13. Pantaz Registered Member

    Messages:
    31
    As used in Jules Verne's "Twenty Thousand Leagues Under the Sea", a league is 4km, and describes distance traveled, not depth. 20,000 leagues = 80,000 kilometers (The radius of Earth is less than 6,400km.)

    The deepest known ocean location, about 11km, is in the Mariana Trench. Per Wikipedia: "At the bottom of the trench, where the plates meet, the water column above exerts a pressure of 1,086 bars (15,750 psi)" [108.6 megapascals].

    Given that 3 leagues exceeds 108 MPa, would you care to calculate the pressure at your hypothetical 12,500 leagues?
     
  14. Aqueous Id flat Earth skeptic Valued Senior Member

    Messages:
    6,152
    Good post. Welcome to the board, where logic meets insanity without the pressure differential ever moving a thing.

    A good way to characterize the pressure needed to liquefy CO[sub]2[/sub] is simply to correlate it to a depth. So, for example, we could ask DasEnergy to dive with a balloon full of CO[sub]2[/sub] gas (say at 1.5 atm) and ask him how far he must descend before the gas liquefies.

    This would be a good follow-up the the question you asked.
     
  15. DaS Energy Registered Senior Member

    Messages:
    223
    Hello Pandaz

    Thank you for the correction. You absolutely correct.

    It not be 12,500 leagues under the sea, but meters under the sea.

    Late night attempt at humour in finding shaft seal went amiss.

    Web defines one league as 5.55600 Kilometers, or 5,560 meters.

    Each 10 meters of depth increases pressure by one bar. Calculates to 556.6 bar pressure every league.

    556.6 into 6,800 =12. 21 times or 12.21 leagues which slightly increases as pressure is slightly more than one bar for each ten meters of water depth.

    Thank you for the help.

    Cheers Peter
     
  16. DaS Energy Registered Senior Member

    Messages:
    223
    Hello Aqueous Id,

    You are right, by the information provided in your question I have no idea at what pressure/depth CO2 will liquefiy.

    Firstly because none of DaS machine technology requires CO2 to be liquefied.

    Secondly one can take CO2 past the depth of deepest ocean and out the other side of the Planet and it still it wont liquefy if its temperature is above +33*C.

    Pressure needed to liquefy CO2 at a given temperature is readily Web available

    Cheers Peter
     
  17. Read-Only Valued Senior Member

    Messages:
    10,296
    Egad!! I cannot believe you actually said that!

    Here you are, attempting to talk about refrigeration and power generation technology and you do not even understand that phase change is the very heart] of both of them!

    It's by virtue of the tremendous mechanical advantage gained by going from a liquid to a gas that makes it possible to spin a turbine to produce electrical power. And it's by virtue of condensing the gas to a liquid that makes it possible to move and reject the large amount of heat involved that makes modern refrigeration work.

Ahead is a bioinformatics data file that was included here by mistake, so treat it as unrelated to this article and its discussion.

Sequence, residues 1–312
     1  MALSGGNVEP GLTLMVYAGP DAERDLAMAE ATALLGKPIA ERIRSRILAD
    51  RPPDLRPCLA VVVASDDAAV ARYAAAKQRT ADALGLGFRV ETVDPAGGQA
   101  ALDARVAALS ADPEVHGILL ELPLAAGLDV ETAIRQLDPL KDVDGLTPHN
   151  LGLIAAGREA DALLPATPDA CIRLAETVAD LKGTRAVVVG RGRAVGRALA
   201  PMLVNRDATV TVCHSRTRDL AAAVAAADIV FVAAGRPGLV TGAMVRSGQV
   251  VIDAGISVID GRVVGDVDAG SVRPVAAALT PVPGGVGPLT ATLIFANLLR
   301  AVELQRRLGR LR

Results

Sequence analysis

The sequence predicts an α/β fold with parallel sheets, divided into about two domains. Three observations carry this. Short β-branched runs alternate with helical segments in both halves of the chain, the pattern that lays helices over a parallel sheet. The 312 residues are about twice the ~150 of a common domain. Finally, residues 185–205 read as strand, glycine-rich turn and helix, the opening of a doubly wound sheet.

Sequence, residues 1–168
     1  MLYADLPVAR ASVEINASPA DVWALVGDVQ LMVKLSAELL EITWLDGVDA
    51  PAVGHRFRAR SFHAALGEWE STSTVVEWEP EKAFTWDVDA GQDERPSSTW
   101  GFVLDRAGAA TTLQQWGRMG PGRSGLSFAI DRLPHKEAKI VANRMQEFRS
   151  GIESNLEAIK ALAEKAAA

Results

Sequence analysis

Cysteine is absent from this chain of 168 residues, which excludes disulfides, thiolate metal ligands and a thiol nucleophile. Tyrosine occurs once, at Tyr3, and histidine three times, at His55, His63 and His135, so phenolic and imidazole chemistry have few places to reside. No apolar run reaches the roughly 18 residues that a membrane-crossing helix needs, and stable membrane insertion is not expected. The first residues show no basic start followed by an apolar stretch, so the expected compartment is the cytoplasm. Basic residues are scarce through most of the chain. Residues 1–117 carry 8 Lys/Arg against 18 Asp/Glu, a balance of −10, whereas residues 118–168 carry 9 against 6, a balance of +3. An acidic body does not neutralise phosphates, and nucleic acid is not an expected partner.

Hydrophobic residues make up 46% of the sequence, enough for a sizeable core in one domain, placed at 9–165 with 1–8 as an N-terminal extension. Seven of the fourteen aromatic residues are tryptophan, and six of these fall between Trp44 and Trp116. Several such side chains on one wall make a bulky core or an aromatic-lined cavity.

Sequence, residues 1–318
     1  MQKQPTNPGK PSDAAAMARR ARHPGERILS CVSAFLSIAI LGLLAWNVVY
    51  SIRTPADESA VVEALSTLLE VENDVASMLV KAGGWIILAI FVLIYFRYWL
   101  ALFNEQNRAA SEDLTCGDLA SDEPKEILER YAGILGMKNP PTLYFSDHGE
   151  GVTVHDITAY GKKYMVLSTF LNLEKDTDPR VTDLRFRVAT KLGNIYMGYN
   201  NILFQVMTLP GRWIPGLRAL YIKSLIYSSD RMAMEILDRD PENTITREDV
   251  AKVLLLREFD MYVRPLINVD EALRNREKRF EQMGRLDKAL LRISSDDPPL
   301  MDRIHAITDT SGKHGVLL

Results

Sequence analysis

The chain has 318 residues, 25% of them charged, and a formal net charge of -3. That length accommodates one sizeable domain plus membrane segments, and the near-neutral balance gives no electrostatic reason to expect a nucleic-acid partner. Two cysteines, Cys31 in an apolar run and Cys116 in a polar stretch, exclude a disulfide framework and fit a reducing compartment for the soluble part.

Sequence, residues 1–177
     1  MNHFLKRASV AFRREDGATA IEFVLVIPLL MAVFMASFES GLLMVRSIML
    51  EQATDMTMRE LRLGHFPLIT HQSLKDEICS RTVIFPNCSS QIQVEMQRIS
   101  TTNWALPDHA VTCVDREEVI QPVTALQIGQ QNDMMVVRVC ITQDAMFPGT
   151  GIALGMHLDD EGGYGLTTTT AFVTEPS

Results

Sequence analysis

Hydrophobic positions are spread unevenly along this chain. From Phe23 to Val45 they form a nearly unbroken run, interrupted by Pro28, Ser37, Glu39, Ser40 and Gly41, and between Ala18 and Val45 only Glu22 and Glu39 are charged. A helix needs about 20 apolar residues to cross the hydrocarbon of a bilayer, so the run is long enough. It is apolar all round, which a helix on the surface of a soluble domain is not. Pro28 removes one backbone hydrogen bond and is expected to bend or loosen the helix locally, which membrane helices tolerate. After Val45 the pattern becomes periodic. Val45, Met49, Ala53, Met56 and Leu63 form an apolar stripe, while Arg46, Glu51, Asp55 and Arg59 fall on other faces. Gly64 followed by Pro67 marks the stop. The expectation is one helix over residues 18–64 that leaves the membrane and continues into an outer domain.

Yet according to your statement I bolded above, you never leave the gas phase at all !!!! That's just plain stupid, STUPID thinking.
     
  18. DaS Energy Registered Senior Member

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    223
    Hello Read-Only,

    Pressure required to condensense CO2 to liquid is dependant on TEMPERATURE. Without such given see Web, though it shall require it also.

    "It's by virtue of the tremendous mechanical advantage gained by going from a liquid to a gas that makes it possible to spin a turbine to produce electrical power"

    It's by virtue of the TINY mechanical advantage gained by going from a liquid to a gas (Steam) that makes it possible to spin a turbine to produce electrical power.

    "And it's by virtue of condensing the gas to a liquid that makes it possible to move and reject the large amount of heat involved that makes modern refrigeration work."

    Turning the gas into ice would remove even larger amounts of heat. Silly buggers havent thought of that.

    6,800 bar of pressure without any heating need to make liquid or ice into gas, now theres a thought, how STUPID..

    Such a con from school days up, gas pressure drops with temperature, the bastards!

    Cheers Peter
     
  19. Read-Only Valued Senior Member

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    10,296
    As I've said before you clearly know VERY LITTLE about this subject.

    Tell us: Just how many of your silly "DaS machines" have you managed to sell? And to whom?
     
  20. billvon Valued Senior Member

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    12,723
    He'll sell thousands just as soon as he gets his "leather seals" or "magnetic force feilds" to work.
     
  21. Read-Only Valued Senior Member

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    10,296
    Yeah - and don't forget his overunity feature. <grin>
     
  22. DaS Energy Registered Senior Member

    Messages:
    223
    Yeah - and forget its OPEN TECHNOLOGY <laugh>
     
  23. Aqueous Id flat Earth skeptic Valued Senior Member

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    6,152
    When leather breaks at about 2 bar differential, and that remaining 6798 bar gets out, you'll definitely be looking at "open technology".